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Does this fall under any particular design pattern?

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This nonsense about wether or not you need [virtual functions] for OOP... it's nonsense. You don't need inheritance at all. I write OOP in C. The win32 api is object-oriented C code. Sure, it's ugly. But it's still OOP.

The GOF design-patterns book says this about the template method pattern:
Define the skeleton of an algorithm in an operation, deferring some steps to subclasses. Template Method lets subclasses redefine certain steps of an algorithm without changing the algorithm's structure.

Wether or not it's runtime type traits depends on how it's used. You should move the special code into the subclass. Something like

class foo
{
public:
virtual void dostuff() {}
void someoperation()
{
//do some stuff
this->dostuff();
}
};

You don't even need the condition then. A derived class that isn't sizable just doesn't override dostuff. And then it would definitly be the template method pattern.

[edit]I mean virtual functions, not polymorphism.[/edit]

[Edited by - Deyja on September 13, 2005 6:54:08 AM]

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As Shannon noted, this isn't really a Template Method. The central point of a Template Method is that some of the processing is deferred to later down the inheritance chain. But that doesn't happen here -- derived classes would just override the method in question. In other words, this isn't a design pattern per se, just inheritance in action.

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Quote:
Original post by Code-R
Quote:
Original post by Deyja
I write OOP in C. The win32 api is object-oriented C code.


L-M-F-A-O!

Look up the documentation for CloseHandle(). You can pass in several different types of HANDLEs, such as those for mutexes and wait events, to the same function. From the outside, the client sees only the 'base' HANDLE type.

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Win32 is absolutely not object-oriented. There's no inheritence.
It's exhibits strong encapsulation & data hiding, and weak polymorphism.
I'd say it's modular.

The three must-haves are inheritence, polymorphism, and encapsulation, and many (such as myself) consider data-hiding a fourth requirement.

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Quote:
Original post by Shannon Barber
Win32 is absolutely not object-oriented. There's no inheritence.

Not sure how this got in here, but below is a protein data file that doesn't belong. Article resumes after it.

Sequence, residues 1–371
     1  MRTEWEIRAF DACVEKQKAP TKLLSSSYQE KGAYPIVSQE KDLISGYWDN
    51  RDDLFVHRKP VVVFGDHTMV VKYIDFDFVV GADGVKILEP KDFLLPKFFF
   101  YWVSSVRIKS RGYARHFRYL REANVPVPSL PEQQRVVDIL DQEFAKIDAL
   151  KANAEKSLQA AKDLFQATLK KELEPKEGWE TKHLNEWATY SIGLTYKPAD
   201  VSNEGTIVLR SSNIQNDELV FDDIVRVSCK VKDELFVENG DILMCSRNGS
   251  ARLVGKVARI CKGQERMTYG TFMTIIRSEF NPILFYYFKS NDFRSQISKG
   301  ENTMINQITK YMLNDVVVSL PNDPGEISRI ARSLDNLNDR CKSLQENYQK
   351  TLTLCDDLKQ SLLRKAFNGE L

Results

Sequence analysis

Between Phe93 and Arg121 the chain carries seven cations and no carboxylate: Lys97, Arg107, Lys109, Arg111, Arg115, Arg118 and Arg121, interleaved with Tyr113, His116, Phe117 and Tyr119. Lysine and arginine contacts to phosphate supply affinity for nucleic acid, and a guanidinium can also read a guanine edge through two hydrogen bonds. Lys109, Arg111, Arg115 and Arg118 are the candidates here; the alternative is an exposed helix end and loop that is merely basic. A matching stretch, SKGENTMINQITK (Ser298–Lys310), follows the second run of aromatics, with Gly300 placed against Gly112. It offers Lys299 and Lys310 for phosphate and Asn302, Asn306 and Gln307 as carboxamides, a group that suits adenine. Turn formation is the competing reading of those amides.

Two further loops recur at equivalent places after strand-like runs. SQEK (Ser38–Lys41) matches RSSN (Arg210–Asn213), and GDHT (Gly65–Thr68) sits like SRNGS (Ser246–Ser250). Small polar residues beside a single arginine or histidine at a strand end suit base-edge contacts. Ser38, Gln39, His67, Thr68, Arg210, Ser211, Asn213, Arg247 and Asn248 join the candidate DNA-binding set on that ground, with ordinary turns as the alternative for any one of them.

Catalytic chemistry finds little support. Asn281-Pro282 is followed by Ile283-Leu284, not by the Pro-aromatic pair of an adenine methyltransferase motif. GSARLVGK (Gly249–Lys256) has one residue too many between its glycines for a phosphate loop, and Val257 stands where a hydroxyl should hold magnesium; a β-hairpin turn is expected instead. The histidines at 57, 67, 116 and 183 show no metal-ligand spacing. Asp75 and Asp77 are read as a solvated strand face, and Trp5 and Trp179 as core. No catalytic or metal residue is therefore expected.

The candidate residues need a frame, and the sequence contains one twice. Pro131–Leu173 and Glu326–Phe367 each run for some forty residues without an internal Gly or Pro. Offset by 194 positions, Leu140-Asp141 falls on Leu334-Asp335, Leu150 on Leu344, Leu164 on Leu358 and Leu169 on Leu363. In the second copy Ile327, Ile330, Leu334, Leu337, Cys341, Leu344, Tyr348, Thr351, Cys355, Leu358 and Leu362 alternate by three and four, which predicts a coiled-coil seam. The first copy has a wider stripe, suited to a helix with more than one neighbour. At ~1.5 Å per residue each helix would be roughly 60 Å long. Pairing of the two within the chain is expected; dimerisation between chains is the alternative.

It's exhibits strong encapsulation & data hiding, and weak polymorphism.
I'd say it's modular.

The three must-haves are inheritence, polymorphism, and encapsulation, and many (such as myself) consider data-hiding a fourth requirement.
That's a hijacked definition for some people. See Nyygard Classification.
Quote:
Object-oriented programming. A program execution is regarded as a phys-
ical model, simulating the behavior of either a real or imaginary part of
the world.
The notion of a physical model should be taken literally. Most people can
imagine the construction of physical models by means of, for example, Lego
bricks. In the same way, a program execution may be viewed as a physical
model. Other perspectives on programming are made precise by some under-
lying model defining equations, relations, predicates, etc. For object-oriented
programming, however, we have to elaborate on the concept of physical mod-
els.

But alas, Win32 doesn't really fit this description either.

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Quote:
Original post by flangazor
Quote:
Original post by Shannon Barber
Win32 is absolutely not object-oriented. There's no inheritence.
It's exhibits strong encapsulation & data hiding, and weak polymorphism.
I'd say it's modular.

The three must-haves are inheritence, polymorphism, and encapsulation, and many (such as myself) consider data-hiding a fourth requirement.
That's a hijacked definition for some people. See Nyygard Classification.
Quote:
Object-oriented programming. A program execution is regarded as a phys-
ical model, simulating the behavior of either a real or imaginary part of
the world.
The notion of a physical model should be taken literally. Most people can
imagine the construction of physical models by means of, for example, Lego
bricks. In the same way, a program execution may be viewed as a physical
model. Other perspectives on programming are made precise by some under-
lying model defining equations, relations, predicates, etc. For object-oriented
programming, however, we have to elaborate on the concept of physical mod-
els.

But alas, Win32 doesn't really fit this description either.


That's an awful notion of OO; regard the object relationships described in Design Patterns most of which have very little to do with the physical world.

See Object Oriented
{Encapsulation, Polymorphism, Inheritance}

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